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Effects of Microclimate on Spring Flowering Phenology

Jackson, Marion T.
Ecology 1966 v.47 no.3 pp. 407-415
air temperature, flowering, highlands, latitude, microclimate, phenology, seasonal variation, spring, vegetation cover, wild flowers, Indiana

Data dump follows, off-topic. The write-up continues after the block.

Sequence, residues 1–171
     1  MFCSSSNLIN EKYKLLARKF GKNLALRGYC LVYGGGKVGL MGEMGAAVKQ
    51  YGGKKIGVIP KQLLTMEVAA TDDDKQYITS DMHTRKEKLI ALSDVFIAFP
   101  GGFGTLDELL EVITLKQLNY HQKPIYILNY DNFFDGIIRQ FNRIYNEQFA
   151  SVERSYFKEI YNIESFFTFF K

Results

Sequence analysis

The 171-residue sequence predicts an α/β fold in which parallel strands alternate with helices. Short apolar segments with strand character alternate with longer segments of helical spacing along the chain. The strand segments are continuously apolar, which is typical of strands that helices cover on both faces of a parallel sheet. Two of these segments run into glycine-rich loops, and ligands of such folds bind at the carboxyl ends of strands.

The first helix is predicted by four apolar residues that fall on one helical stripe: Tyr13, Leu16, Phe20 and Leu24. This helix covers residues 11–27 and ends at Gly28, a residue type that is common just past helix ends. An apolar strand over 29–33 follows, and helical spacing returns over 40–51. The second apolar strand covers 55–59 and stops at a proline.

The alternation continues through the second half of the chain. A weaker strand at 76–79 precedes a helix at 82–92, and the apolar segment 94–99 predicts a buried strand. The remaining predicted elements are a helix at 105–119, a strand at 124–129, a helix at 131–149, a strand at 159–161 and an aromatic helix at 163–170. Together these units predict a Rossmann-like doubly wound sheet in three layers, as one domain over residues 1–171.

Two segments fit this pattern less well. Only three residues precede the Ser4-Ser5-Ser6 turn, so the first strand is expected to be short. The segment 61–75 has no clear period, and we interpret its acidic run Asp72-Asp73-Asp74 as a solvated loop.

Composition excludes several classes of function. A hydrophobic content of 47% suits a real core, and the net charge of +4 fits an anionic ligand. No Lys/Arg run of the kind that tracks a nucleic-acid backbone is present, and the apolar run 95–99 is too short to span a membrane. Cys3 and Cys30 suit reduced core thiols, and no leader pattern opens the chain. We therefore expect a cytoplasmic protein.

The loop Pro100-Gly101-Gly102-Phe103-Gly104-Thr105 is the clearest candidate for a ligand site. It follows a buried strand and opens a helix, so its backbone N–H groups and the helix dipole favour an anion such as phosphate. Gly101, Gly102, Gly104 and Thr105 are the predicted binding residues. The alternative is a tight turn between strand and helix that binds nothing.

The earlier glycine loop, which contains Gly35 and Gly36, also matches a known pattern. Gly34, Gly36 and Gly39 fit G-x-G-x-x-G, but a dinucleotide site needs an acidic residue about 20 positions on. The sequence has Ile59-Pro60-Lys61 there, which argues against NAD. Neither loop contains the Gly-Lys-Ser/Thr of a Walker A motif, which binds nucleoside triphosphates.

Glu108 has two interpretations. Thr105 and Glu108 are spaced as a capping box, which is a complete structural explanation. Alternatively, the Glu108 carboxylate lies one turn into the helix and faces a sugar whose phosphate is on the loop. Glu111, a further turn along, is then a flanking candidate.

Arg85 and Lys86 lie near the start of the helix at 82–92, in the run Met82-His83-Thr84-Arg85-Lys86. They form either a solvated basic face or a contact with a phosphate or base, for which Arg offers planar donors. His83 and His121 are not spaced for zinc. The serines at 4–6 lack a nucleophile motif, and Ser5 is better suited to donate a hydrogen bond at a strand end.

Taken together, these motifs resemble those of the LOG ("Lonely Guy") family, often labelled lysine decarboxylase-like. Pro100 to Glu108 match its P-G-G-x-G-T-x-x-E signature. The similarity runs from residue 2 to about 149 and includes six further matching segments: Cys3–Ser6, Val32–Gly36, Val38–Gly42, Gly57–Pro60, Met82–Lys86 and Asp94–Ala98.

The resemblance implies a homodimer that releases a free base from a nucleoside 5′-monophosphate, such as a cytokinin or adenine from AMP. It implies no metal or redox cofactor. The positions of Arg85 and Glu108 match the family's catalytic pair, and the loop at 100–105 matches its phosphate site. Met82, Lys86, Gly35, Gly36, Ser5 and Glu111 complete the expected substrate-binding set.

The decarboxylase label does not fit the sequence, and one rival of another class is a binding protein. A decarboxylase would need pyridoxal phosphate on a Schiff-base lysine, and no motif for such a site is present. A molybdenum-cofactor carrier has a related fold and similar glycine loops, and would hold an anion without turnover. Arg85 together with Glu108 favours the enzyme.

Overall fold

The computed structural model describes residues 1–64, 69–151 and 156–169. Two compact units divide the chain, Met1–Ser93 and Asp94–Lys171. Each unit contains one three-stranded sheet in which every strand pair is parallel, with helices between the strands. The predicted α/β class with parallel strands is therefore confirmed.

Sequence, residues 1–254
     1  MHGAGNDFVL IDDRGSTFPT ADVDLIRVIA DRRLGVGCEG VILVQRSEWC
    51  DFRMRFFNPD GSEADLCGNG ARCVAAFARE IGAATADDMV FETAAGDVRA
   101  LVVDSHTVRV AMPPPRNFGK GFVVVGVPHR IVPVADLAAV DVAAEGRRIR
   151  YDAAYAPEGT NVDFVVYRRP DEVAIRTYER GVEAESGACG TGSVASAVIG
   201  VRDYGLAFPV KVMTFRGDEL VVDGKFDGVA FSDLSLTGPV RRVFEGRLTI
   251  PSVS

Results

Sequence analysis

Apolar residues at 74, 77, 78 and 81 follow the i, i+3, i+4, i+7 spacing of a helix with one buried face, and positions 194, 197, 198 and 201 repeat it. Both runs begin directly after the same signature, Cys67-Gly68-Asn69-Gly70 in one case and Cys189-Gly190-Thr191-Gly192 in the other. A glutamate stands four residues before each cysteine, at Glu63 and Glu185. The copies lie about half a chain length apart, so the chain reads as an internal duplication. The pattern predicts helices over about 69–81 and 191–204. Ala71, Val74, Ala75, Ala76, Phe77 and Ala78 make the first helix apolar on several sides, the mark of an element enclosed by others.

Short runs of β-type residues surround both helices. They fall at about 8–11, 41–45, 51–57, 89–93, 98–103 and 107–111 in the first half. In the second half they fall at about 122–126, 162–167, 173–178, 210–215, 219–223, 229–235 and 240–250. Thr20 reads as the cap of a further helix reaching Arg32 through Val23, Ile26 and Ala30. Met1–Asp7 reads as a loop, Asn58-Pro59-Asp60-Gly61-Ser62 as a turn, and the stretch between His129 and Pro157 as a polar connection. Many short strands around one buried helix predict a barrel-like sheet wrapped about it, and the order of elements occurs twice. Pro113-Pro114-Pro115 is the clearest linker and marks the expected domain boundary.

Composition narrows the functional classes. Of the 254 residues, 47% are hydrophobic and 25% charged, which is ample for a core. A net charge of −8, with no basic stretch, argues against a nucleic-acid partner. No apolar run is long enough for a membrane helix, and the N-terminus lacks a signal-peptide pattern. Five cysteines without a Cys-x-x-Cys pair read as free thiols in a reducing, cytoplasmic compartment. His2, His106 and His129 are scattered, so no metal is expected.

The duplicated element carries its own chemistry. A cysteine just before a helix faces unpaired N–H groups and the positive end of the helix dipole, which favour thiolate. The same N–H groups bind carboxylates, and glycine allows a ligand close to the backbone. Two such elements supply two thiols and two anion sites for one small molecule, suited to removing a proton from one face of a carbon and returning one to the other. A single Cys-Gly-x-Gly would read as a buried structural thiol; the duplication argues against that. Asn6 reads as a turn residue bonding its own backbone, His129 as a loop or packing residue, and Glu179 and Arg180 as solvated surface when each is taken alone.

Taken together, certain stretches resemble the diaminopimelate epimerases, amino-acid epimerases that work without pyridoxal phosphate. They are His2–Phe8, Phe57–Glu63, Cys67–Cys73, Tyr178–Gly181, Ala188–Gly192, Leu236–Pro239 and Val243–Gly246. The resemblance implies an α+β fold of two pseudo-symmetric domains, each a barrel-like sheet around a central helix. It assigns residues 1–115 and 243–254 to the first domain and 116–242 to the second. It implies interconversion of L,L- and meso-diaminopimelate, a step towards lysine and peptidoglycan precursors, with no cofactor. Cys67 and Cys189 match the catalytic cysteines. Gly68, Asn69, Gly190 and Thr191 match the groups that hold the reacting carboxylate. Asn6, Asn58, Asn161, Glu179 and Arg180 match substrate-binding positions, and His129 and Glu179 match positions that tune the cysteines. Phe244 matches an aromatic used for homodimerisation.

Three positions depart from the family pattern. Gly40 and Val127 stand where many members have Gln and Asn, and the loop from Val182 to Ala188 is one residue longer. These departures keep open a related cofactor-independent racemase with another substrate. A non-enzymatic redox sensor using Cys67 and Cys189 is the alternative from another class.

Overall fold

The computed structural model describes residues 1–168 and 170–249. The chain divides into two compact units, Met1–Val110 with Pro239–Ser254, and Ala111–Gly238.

Sixteen microclimatic stations with differences in slope, exposure, vegetation cover, and seasonal change were established in a heavily dissected 180—acre Indiana tract. Correlations, based on cumulative air temperature duration—summations, were made between microclimatic differences and variation in phenological events. Nine widespread species of spring wildflowers had a collective mean range in dates of first flowering of 7.2 days for all stations. The maximum range for a single species was 11 days. Flowering dates of nine species of a large gorge were retarded an average of 6.0 days in the north—facing slope with respect to the opposing south—facing slope. This 6.0—day difference between gorge slopes 150 ft apart is equal to the expected to occur in about 110 miles of latitude, assuming standard exposures. Six species of the north—facing slope in a small gorge were retarded an average of 2.8 days with respect to the opposing south—facing slope. Flowering on north—facing gorge slopes was retarded more than in gorge bottoms, and upland stations had earlier than normal flowering dates. Mean flowering dates for the entire area were retarded more at cooler locations than warmer slopes were advanced. Air—temperature sums and flowering dates correlated well in a given microclimate. The results suggest that phenological research could be expedited by making observations in diverse microclimates during a few seasons rather than acquiring long—term phenological records.